Google Shopping holiday best practices

How to Get Your Google Shopping Account Ready for the Holidays

Tick, tock. The number of days before the holidays is dwindling, and many consumers have already started their holiday shopping. Is your Google Shopping account ready? If you’re not sure, have no fear. We’ve got five Google Shopping best practices you can apply now to tune up your account – fast.

So be merry. Santa brought you a gift early this year.

1. Optimize the Titles of Your Ads.

This task is so simple, but it can have a very high return. One SEO agency was able to get its client 151.6% more clicks just by optimizing their Shopping ads titles.

Optimizing product titles is a proven Google shopping best practice

Here are a few before and after examples of the titles they changed.

Google shopping best practices for optimizing product titles

So how do you optimize your own Shopping ads titles? Just keeping everything consistent is a good starting point.

Here is Google’s recommended format:

Google Organic Cotton Men’s T-Shirt – Blue – M

You can learn more about their title format recommendations on their help page. Following their recommendations might get your product feed approved faster, too.

Also consider using a good keyword tool as you optimize your titles. Even tiny differences like “T-Shirt” versus “tshirt” can make a difference.

And don’t hesitate to check Google Trends. It includes trends for product searches.

Google Trends includes information on Google Shopping searches

Here are a few do’s and don’ts for Google Shopping ad titles:

– Don’t capitalize ENTIRE WORDS
– Do strive to use all 150 characters
– Don’t include information that could change, like price, sale price, sale dates, shipping, delivery date, or other time-related information
– Do optimize the first 70 characters of each title, as that may be all some users can see (if they’re on a mobile device, for example)
– Don’t include your company’s name
– Do include brand names in your titles (like “Cuisinart coffee maker” versus “coffee maker”)

Don’t worry if you can’t update all your product titles by Christmas. Just focus on optimizing the titles for your best-selling products. Even getting the top twenty done will help.

2. Sign up for “Shopping Actions”.

Here’s a good tactic to use if your brand or products are relatively unknown. Shopping Actions can showcase your products early on in consumers’ research process, so they can become familiar with your brand before they encounter your competitors.

Shopping Actions is a feature of Google Shopping Ads that lets your products appear beyond just the search page of, like on the Google Express site and app, and through Google Assistant.

Of course, Shopping Actions can also appear in search results. Like this:

An example of Google Shopping Actions

Customers can even buy your products directly in the Google Shopping interface. They’ll get purchase protection, too, which can boost trust and – as a result – sales.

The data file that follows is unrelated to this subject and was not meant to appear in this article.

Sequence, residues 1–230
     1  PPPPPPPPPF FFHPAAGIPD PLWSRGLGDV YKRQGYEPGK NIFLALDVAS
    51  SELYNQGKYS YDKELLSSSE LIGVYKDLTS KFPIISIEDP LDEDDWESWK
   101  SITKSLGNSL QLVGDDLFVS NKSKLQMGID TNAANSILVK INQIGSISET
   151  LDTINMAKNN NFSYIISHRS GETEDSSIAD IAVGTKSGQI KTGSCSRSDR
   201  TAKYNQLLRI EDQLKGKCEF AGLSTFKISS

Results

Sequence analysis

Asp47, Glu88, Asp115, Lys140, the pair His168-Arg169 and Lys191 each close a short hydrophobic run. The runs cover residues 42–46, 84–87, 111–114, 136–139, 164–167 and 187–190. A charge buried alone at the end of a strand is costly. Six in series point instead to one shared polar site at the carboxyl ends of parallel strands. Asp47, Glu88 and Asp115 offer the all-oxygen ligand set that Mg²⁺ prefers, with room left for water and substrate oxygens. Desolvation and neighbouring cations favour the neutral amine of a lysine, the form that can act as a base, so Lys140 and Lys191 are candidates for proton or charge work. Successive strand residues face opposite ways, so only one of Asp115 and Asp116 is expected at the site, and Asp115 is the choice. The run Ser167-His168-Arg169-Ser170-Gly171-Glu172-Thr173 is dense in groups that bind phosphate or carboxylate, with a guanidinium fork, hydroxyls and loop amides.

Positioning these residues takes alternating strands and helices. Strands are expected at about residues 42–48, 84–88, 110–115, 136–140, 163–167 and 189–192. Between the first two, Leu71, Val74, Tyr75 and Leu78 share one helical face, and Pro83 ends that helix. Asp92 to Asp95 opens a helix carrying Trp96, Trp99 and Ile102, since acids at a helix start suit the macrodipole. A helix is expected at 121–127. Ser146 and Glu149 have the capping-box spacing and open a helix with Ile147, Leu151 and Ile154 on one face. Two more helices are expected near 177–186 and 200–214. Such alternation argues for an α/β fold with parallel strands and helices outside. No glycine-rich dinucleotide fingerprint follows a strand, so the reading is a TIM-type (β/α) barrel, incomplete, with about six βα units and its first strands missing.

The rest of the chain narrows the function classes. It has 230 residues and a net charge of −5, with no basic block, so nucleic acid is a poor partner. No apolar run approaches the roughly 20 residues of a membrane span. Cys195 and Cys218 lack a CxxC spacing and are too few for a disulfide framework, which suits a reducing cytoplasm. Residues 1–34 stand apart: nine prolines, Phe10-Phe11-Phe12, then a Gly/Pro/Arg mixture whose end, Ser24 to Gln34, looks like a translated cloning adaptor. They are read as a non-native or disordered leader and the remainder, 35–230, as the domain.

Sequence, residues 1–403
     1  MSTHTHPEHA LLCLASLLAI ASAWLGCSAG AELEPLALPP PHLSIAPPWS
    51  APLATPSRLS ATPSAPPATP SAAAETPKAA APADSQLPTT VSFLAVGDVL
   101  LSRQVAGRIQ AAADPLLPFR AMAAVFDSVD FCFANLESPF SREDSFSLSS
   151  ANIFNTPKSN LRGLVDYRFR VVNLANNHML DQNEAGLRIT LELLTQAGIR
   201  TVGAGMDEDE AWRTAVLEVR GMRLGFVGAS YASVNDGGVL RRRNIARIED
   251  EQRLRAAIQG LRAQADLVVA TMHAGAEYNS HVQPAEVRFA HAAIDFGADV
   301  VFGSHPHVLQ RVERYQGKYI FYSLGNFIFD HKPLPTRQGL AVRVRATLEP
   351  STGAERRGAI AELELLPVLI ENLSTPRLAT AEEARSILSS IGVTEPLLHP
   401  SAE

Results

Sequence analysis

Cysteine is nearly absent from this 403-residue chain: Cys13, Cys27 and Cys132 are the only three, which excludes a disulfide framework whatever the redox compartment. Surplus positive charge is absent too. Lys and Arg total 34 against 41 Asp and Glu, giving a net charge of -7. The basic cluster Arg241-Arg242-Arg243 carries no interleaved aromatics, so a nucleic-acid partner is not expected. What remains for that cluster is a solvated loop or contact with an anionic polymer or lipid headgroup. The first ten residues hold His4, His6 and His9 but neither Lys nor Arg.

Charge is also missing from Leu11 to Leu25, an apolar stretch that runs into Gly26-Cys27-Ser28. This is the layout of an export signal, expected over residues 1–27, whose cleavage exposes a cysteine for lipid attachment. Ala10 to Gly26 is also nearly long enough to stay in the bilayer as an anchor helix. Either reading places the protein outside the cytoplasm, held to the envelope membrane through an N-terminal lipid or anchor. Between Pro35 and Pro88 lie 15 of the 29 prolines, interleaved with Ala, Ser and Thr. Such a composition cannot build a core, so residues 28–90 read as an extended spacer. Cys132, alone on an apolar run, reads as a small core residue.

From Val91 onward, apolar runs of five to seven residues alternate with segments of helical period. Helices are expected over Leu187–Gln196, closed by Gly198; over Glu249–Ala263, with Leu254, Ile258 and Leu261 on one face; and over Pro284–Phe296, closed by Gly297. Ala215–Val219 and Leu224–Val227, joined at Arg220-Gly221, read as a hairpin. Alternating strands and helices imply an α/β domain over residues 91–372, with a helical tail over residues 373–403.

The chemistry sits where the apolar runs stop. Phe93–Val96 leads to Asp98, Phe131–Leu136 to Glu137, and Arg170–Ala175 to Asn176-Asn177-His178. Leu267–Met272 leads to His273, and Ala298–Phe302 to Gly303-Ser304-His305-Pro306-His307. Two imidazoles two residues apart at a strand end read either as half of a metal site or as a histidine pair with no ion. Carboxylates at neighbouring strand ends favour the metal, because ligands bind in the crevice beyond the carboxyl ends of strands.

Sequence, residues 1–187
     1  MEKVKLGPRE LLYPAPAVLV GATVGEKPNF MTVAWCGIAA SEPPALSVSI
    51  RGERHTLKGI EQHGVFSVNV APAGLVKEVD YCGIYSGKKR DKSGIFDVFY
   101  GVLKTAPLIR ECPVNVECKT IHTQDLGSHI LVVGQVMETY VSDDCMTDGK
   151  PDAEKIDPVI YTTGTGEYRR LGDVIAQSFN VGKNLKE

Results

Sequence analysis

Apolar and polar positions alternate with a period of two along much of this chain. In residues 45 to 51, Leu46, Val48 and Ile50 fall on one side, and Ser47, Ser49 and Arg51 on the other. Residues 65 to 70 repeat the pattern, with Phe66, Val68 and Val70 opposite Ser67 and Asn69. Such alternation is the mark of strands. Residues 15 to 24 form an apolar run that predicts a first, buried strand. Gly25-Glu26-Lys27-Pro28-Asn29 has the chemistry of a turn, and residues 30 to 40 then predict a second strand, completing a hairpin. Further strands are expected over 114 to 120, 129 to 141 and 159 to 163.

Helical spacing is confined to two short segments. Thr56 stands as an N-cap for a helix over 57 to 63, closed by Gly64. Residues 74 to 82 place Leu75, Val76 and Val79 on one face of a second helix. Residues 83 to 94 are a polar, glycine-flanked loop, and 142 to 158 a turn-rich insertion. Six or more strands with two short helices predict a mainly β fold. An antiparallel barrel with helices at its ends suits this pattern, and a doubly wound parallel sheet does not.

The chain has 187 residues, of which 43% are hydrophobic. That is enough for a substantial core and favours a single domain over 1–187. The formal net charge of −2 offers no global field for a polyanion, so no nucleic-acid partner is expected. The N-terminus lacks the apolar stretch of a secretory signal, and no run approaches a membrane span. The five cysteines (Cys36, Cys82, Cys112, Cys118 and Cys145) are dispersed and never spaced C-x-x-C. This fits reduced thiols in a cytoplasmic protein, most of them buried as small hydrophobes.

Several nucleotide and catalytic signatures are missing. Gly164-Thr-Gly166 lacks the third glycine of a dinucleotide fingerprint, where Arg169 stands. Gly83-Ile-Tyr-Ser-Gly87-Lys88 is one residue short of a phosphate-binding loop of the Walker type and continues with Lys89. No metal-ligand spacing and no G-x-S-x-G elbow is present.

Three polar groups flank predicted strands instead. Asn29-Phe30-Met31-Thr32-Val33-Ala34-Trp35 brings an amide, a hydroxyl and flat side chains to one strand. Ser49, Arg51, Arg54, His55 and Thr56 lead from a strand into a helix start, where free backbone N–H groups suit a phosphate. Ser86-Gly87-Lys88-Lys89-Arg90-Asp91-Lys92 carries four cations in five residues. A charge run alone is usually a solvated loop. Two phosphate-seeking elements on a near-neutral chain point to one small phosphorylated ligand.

If it all sounds too good to be true, well… there is one major drawback to Shopping Actions: Google won’t share the buyer’s email address with you. Honestly, this is a surprising and disappointing limitation. We’re sure you already know how precious a buyer’s email address is. It’s so valuable that some retailers offer “loss leaders” just to grow their buyers list.

Of course, there are always workarounds. Here are two ideas from our blog on how to get some buyers’ email addresses, and maybe encourage some loyalty, too.

Here’s one:

Increase loyalty with a free shipping offer for first-time buyers

3. Bid on Mobile.

Short on advertising budget? You might want to focus on mobile clicks. They tend to cost much less.

Another Google Shopping best practice: Bid on mobile clicks. They're less expnsive.

“But mobile traffic doesn’t convert,” you say. That used to be true, but in 2017 there was a significant shift. Sidecar’s 2018 Google Shopping report revealed a 252% increase in mobile conversion rate for clicks from Google Shopping ads.

So people are indeed researching products and buying them through their phones.

Not only has the mobile conversion rate gone up, but mobile ROAS (return on ad spend) has spiked, too: Sidecar reports “in 2017, desktop ROAS increased only 3% while mobile and tablet ROAS rose 23% and 46%, respectively.”

So if you haven’t tried mobile before for your Google Shopping ads, or if you did try it a few years ago and it didn’t work, it’s time to test it again. You might be able to get a much lower cost per click and still preserve a respectable conversion rate.

And let’s not leave out tablets, either. They’re the ones with the 46% ROAS boost.

4. Leverage Local Searches.

This one’s for those of you with brick and mortar locations. You’ve got a real advantage over your online-only competitors, localized though it may be. So use it.

As Keith Meagher, from Acquisio, and Joe Levinthal, from Seer Interactive, discuss in this post:

Leading up to Christmas, shoppers don’t risk ordering online and instead they tend to go in-store. Ramp up Local Inventory Ads to make sure you’re reaching those last-minute shoppers, telling them you have the product they’re looking for in-stock, and attracting them to your store.